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What Comic Genius Gave Us the Nest Thermostat Election Conspiracy?

It’s nonsense, of course. But you don’t have to be a far-right nutcase to appreciate it as a work of art.

Chip Somodevilla/Getty Images
Former Trump lawyer Rudy Giuliani

Did you hear the one about Chinese Communists rigging Nest thermostats to fix the 2020 election? In video testimony made public last week, Trump White House lawyer Eric Herschmann told the January 6 select committee that former national security adviser Michael “23 Days” Flynn brought up this conspiracy theory at former President Donald Trump’s now-famous six-hour Oval Office meeting on December 18, 2020. Present at the meeting were Flynn, Sidney “Release the Kraken” Powell, former Overstock chief executive (and Maria Butina dupe) Patrick Byrne, former New York City mayor turned Bloody Mary fancier and Trump mouthpiece Rudy Giuliani, and assorted comparatively sane White House officials alarmed to learn that these misfits had been admitted entry. In a White House that one former inmate describes as “a clown car on fire running at full speed into a warehouse full of fireworks,” this meeting was a sort of climax, the most extraordinary White House gathering of paranoiacs since Richard Nixon dined alone. Tears were shed, screams emitted, insults hurled, blows very nearly exchanged. Posterity grieves that John Trumbull wasn’t on hand to paint it.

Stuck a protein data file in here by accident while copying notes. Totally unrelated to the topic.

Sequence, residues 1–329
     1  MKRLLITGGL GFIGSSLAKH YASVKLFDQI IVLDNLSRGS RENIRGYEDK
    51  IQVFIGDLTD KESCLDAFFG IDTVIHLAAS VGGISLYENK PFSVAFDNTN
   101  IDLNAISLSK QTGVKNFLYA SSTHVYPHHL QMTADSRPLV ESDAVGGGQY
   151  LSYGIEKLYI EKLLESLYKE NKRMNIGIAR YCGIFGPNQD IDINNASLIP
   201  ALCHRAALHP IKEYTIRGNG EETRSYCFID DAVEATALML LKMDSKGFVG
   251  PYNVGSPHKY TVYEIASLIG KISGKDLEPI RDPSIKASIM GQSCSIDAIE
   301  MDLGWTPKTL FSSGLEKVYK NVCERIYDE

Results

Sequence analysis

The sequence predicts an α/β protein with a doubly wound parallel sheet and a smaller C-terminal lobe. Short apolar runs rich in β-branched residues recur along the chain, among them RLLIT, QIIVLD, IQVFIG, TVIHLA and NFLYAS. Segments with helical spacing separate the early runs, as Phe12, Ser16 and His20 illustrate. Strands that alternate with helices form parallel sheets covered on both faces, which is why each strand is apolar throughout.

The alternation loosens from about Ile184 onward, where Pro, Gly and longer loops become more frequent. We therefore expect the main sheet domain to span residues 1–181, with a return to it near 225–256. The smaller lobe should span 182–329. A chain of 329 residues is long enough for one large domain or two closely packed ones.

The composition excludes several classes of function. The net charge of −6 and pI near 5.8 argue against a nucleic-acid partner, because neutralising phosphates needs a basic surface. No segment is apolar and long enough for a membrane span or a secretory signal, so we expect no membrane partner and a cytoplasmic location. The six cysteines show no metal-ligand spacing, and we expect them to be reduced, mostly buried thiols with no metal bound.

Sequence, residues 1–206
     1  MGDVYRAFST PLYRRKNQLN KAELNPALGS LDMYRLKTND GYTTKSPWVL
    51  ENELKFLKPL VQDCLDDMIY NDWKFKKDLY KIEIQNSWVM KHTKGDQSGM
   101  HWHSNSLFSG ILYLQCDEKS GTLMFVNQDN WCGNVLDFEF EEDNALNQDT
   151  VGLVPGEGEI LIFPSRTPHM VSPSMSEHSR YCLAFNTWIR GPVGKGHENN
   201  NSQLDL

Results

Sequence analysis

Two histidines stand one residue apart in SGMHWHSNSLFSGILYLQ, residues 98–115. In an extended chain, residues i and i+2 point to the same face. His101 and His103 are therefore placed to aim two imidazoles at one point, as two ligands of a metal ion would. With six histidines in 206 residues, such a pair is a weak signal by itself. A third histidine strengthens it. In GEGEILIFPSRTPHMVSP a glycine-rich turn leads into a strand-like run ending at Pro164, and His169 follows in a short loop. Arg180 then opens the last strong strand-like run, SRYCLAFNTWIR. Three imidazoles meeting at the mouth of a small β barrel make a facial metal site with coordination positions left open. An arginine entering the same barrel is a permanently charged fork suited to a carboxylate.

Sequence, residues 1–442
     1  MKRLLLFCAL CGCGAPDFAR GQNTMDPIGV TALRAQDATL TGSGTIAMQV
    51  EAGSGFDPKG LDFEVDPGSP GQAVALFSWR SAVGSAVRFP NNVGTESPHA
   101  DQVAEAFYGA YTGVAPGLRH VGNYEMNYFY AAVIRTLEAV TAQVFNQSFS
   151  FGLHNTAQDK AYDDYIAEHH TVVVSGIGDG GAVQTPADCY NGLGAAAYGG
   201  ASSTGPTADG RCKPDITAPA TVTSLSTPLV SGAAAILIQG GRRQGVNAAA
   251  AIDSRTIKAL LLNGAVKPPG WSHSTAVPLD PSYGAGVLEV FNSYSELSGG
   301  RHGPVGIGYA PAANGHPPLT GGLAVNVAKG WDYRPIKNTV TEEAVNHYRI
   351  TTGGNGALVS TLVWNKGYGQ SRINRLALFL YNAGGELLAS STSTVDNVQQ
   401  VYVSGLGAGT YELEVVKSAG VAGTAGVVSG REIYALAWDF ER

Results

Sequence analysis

The apparent moment of peak insanity—the climax, if you will, of the climax—was Flynn’s disquisition on the Thermostat Menace. “At one point,” Herschmann said,

General Flynn took out a diagram that supposedly showed I.P. addresses all over the world, and who was communicating with whom, via the machines, and some comment about, like, Nest thermostats being hooked up to the internet.

(This is at 55:18 in the archived committee video.)

It wasn’t the last Trump would hear about Nestgate. That same month, according to Jonathan Karl’s 2021 book, Betrayal: The Final Act of the Trump Show, Pennsylvania Representative Scott Perry, a hard-core election conspiracist, put Trump in touch with an environmental lawyer named Jeffrey Clark who headed the Justice Department’s Environment and Natural Resources Division and was acting head of the Civil Division. Here’s a DOJ guy, Perry told Trump, who agrees with you that the election was stolen! Talk to him! Clark met with Trump shortly after the December 18 meeting. He promised Trump that he would press his superiors to investigate claims of voting fraud, including the ChiComs’ purported use of Google Nest thermostats, which Clark said were made in China, to manipulate Dominion voting machines in Georgia.

Meanwhile, Karl’s book reports, Trump ordered John Ratcliffe, his director of national intelligence, to investigate the alleged Nest treachery. According to CNN, it was chief of staff Mark Meadows who contacted Ratcliffe about the smart thermostats; maybe they both did. Meadows, CNN reported, urged the FBI, the Pentagon, and the National Security Council to investigate the thermostat allegations too.